DIY Home Improvement, Remodeling & Repair Forum > DIY Home Improvement > General Home Improvement Discussion > Trying to remove walls to make a room bigger (floor plans inside)




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Old 11-17-2007, 11:29 PM  
ElementalWindX
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Default Trying to remove walls to make a room bigger (floor plans inside)

Here is a before and after pic of what I want to do to the bottom floor of my house. House was built in 1998, and is 2 stories. I am curious as to how I can tell if the walls I want to remove are load bearing or not. Anybody able to help me out with this? Thanks.



1st_floor_modified2.jpg   1st_floor_unmodified2.jpg  
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Old 11-18-2007, 09:53 AM  
glennjanie
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Welcome ElementalWindX:
The only way you can tell for sure if a wall is load bearing is to look in the attic. Your house being built in 1998 probably has roof trusses which means none of the upper floor walls are load bearing. The trusses will bear the load from outside to outside walls.
The first floor is a different story; the wall next to the garage is most likely a bearing wall, especially if they used dimensional lumber for floor joists on the second floor. It is possible that they used floor trusses that can give a clear span also. If it has floor trusses, you will need to find the source of them and ask the manufacturer if they are 'clear span' rated. In either case the walls limitiing your Living room typically would not be load bearing. The Hallway and Extra Closet walls will not be load bearing if the joists run right to left on your drawing.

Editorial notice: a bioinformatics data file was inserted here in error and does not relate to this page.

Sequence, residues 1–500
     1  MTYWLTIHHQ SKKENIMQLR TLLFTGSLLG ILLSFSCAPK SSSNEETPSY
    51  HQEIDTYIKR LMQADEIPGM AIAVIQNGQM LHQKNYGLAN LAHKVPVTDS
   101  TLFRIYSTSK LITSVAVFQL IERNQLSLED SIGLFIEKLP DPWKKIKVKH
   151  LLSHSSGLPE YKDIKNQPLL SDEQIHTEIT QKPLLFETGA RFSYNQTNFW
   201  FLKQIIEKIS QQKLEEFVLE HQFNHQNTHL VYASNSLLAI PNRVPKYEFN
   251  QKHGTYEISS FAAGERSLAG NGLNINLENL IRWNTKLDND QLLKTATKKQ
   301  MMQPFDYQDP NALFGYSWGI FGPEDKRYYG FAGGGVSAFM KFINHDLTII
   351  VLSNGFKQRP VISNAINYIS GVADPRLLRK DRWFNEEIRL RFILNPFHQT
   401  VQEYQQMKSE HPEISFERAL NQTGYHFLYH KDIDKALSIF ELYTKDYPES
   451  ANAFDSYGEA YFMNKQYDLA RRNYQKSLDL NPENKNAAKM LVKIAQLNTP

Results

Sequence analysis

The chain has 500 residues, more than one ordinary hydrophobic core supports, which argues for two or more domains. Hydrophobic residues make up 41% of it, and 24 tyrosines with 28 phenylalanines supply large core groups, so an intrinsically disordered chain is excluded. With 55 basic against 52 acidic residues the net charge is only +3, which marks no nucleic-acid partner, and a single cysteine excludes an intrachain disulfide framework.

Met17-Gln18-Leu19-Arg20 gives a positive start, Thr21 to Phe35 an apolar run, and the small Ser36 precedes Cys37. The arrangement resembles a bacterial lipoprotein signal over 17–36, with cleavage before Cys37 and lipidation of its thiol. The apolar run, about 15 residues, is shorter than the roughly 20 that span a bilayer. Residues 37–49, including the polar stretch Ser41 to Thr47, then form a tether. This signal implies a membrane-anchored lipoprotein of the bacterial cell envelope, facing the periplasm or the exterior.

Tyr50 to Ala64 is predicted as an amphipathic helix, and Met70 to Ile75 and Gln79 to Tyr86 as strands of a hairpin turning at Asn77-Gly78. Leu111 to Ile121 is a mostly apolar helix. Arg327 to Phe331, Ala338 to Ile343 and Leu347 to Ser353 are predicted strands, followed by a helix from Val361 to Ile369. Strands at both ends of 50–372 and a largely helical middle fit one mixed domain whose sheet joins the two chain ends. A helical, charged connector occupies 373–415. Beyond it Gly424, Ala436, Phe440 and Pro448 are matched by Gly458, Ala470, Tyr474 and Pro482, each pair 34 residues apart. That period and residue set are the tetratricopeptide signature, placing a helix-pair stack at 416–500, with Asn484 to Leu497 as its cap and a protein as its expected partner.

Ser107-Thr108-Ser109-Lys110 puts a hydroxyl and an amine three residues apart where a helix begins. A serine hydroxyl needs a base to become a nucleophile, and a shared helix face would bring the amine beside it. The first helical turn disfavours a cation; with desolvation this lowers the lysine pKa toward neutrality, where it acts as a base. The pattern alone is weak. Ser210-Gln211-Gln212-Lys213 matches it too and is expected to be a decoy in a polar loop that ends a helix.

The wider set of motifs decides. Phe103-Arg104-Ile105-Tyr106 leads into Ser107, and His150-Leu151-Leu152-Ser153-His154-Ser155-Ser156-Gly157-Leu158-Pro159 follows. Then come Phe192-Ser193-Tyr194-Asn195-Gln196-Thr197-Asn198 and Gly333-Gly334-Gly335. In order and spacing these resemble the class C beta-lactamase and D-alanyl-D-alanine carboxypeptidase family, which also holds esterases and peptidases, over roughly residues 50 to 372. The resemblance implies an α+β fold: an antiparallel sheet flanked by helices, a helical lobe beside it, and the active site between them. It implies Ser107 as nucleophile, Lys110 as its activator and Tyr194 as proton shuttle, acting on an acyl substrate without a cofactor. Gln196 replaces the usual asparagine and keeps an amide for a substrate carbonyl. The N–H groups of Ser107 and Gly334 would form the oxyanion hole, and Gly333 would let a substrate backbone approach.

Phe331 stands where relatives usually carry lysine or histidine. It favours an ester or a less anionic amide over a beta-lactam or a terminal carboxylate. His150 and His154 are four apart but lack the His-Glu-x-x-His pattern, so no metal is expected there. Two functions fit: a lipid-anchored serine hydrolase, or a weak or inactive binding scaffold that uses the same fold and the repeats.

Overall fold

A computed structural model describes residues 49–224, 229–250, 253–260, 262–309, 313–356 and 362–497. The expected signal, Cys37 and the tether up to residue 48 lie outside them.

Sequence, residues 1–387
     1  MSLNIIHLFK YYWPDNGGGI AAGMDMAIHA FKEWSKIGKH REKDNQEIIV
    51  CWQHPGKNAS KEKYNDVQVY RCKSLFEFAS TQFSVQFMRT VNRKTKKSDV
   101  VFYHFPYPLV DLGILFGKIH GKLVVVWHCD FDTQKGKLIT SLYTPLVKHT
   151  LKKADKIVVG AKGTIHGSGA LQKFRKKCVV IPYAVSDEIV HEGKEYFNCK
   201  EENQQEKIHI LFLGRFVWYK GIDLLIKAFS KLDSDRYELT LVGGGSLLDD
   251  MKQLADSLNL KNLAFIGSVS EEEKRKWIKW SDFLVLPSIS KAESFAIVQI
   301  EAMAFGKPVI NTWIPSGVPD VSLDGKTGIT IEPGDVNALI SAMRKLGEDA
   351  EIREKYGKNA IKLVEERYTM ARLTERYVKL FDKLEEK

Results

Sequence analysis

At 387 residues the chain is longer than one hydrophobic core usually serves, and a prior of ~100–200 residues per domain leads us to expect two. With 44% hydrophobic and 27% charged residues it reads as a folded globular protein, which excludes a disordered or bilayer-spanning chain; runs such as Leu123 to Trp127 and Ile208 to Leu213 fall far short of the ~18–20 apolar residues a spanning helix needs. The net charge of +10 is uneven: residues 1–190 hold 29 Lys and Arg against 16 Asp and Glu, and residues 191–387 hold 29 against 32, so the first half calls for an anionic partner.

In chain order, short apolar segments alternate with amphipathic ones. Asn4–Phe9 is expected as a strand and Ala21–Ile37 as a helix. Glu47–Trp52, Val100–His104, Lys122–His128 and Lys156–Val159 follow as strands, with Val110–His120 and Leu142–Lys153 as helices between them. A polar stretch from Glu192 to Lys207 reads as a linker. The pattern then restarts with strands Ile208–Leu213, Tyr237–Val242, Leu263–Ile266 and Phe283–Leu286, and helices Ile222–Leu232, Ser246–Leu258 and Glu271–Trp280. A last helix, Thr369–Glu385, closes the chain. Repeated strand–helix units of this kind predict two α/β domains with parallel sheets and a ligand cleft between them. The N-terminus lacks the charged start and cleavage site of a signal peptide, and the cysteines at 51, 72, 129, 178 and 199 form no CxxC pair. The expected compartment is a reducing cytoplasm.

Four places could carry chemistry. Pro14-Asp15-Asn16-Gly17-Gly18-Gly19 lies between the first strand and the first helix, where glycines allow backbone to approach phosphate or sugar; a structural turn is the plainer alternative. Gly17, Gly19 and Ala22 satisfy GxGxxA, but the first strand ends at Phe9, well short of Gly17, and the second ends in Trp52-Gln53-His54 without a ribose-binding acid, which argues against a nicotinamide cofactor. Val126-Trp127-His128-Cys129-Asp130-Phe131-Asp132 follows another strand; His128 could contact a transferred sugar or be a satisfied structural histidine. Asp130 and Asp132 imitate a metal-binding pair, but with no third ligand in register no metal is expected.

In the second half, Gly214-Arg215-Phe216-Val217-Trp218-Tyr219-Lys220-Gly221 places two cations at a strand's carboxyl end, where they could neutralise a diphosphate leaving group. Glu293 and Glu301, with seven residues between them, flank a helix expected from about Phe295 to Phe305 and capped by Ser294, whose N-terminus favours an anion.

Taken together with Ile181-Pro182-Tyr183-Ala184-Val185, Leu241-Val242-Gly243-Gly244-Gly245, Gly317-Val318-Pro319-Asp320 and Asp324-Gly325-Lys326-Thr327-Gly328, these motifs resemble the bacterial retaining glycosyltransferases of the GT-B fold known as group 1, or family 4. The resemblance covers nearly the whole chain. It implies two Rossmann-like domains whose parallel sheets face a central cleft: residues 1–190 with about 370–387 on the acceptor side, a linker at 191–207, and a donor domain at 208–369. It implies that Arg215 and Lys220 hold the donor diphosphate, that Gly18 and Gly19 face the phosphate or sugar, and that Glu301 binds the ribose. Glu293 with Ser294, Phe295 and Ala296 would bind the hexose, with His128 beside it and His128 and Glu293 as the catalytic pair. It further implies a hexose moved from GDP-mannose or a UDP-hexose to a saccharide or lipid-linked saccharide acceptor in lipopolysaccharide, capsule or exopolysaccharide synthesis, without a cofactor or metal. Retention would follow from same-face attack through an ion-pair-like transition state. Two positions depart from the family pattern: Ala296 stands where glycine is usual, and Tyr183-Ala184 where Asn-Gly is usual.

Glenn



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Old 11-26-2007, 05:48 PM  
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Looking at that drawing, I'd say the bearing wall is the one running full length right down the center.

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Old 11-26-2007, 06:03 PM  
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My suggestion would be to contact a structural engineer and have them come over and take a look. They'll know right away what would need to be done. Many of them will do the "quick review" free of charge hoping that they'll get the calc work out of it.

Cheers, and good luck!

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Old 11-29-2007, 05:56 AM  
inspectorD
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Load bearing walls need to be evaluated by someone who is experienced...and actually standing in the house. That is the easiest, safest way to figure out if you have a load bearing wall. Within a structure you never know where a point load is. Something else could be carrying the weight of something it was never designed to carry.Then you remove it and the rest is a hospital memory...or worse.
This comes from over 25 years of experience as a high end re modeler of antique homes. And as a licenced home inspector and educator around the country. It is not that I know it all...But I do know what not to do, that is telling someone over these forums what to look for in a bearing wall. I might as when tell you how to change your electrical service while we are at it.

I am not trying to create an issue with this subject, I just remember covering this issue so much that we all should be on the same page.

You need an engineer , or other licenced , educated professional.

Climbing down from soapbox.....thanks for listening.



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